Catalina and I have a somewhat unconventional way of handling property issues with our children. We developed it after reading a parenting book which highlighted our often pharasaical approach to parenting. Whenever a property dispute used to arise between our children, our immediate question had always been, "Who had it first?" But this didn't teach our children anything except that power and dominance came by a speedy and selfish appropriation of property. While we had a clear method for resolving the issue, our parenting did not at all address the idolatry of control, selfishness, a lack of consideration of others, and other issues of the heart. After realizing this pitfall, reading articles and books, and talking with those who were much wiser than we were, we decided to institute "Toy Jail."
The story of "The Prodigal Son" is a seemingly familiar story for most of us. However, as our men's group goes through this story again, guided by Tim Keller's book, "The Prodigal God," I am finding it more beautiful and convicting than ever before. In the first place, simply reading this story in Romanian has illuminated the passage. In our culture, the notion of "prodigal" has always (at least in my mind) meant "wayward." A prodigal is someone who has lost their way. However, in Romanian, the story is of the "wasteful" son. That makes sense, as the son wasted the love of his family and his full inheritance on that which was fleeting and meaningless.
This revised understanding of the meaning of "prodigal" opens up Keller's book title as well, as we understand that Keller wants to clue us in to the "wastefulness" of God. At first this notion perhaps comes across as blasphemous. But as Keller expounds on the story of the Prodigal Son, highlighting Christ's audience, Christ's character, and the overly generous love of the father, it becomes clear that God is "wasteful" in his love, at least in the eyes of the world. The Pharisees couldn't understand how Jesus wasted his love and attention on the sinners and tax collectors. Such a message is just as important for us today, as we likewise horde the love and forgiveness of God which we believe we have obtained through our merit, refusing to dispense any of it to those who we perceive to be less than us.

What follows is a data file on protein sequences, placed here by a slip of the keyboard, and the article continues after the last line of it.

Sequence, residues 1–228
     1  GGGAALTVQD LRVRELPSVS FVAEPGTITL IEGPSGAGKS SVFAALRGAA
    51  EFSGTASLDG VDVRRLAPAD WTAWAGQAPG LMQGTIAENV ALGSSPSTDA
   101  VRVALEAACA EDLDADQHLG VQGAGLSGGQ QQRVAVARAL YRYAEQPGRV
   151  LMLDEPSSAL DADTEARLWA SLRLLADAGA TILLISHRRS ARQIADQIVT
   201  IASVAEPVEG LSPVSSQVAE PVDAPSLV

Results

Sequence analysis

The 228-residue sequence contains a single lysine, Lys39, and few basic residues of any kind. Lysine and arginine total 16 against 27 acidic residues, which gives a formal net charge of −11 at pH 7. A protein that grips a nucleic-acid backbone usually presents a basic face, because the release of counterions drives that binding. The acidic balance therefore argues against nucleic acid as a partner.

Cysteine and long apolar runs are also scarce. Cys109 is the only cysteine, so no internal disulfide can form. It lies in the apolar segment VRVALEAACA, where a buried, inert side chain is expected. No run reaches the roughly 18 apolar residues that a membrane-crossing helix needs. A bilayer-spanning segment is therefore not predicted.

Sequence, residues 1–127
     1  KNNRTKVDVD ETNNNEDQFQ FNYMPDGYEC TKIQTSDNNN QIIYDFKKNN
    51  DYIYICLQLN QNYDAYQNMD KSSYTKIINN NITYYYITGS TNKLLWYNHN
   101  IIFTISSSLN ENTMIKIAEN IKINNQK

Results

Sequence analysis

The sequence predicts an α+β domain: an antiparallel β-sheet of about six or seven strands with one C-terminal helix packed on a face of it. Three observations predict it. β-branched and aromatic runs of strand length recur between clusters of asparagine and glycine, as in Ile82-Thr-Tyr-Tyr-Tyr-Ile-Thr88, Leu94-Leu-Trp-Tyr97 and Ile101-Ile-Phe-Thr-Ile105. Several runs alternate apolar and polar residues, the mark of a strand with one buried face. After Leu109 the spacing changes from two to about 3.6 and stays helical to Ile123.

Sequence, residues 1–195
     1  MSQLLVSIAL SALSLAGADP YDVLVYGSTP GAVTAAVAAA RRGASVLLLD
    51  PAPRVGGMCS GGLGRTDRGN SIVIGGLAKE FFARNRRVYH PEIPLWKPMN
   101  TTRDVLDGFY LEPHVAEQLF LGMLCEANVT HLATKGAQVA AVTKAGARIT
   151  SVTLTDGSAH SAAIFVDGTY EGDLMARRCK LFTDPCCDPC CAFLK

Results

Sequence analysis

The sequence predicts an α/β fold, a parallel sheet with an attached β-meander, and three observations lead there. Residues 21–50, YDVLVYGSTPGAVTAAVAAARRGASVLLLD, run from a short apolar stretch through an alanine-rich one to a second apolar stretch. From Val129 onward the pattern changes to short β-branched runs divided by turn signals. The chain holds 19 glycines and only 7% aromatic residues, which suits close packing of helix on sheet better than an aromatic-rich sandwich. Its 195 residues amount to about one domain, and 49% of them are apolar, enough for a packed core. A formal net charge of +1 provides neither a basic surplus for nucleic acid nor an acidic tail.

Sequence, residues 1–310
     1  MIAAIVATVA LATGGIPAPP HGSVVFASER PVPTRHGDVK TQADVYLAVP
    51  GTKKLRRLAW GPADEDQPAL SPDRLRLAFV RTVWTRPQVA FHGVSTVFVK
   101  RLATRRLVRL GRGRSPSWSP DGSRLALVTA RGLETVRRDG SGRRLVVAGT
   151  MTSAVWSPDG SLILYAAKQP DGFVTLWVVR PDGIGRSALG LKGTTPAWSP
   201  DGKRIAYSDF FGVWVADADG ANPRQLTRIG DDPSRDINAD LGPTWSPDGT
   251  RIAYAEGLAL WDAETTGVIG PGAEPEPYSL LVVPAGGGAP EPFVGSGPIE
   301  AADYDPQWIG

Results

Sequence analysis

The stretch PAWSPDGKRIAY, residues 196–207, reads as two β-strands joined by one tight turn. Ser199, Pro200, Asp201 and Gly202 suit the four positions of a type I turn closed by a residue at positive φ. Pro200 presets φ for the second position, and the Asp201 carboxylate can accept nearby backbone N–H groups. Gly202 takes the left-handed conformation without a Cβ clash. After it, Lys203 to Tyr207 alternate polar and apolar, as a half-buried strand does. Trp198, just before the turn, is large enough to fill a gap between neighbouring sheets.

Our world is fed two narratives when it comes to democracies - either you vote and uphold patriotism, honor, duty, and morality, or you abstain from voting and refuse to participate in the world in any meaningful way. While I will acknowledge that many who abstain from voting likely do so because they are either lazy or uninformed, I believe there may often be a good rationale for Christians to abstain. I want to provide a few of the reasons which stand out most to me, and provide you with a few other resources to ponder if you decide to consider this option further.
*This is a very rough draft of a strange rebuttal I've developed against the Violinist Argument for abortion. I'm putting it out there not because I'm certain it's solid, but for honest critiques. If you would like to a more comprehensive and solid rationale for the intrinsic valuing of all human life, you can find that here. You can also find a more mainstream rebuttal for the Violinist Argument.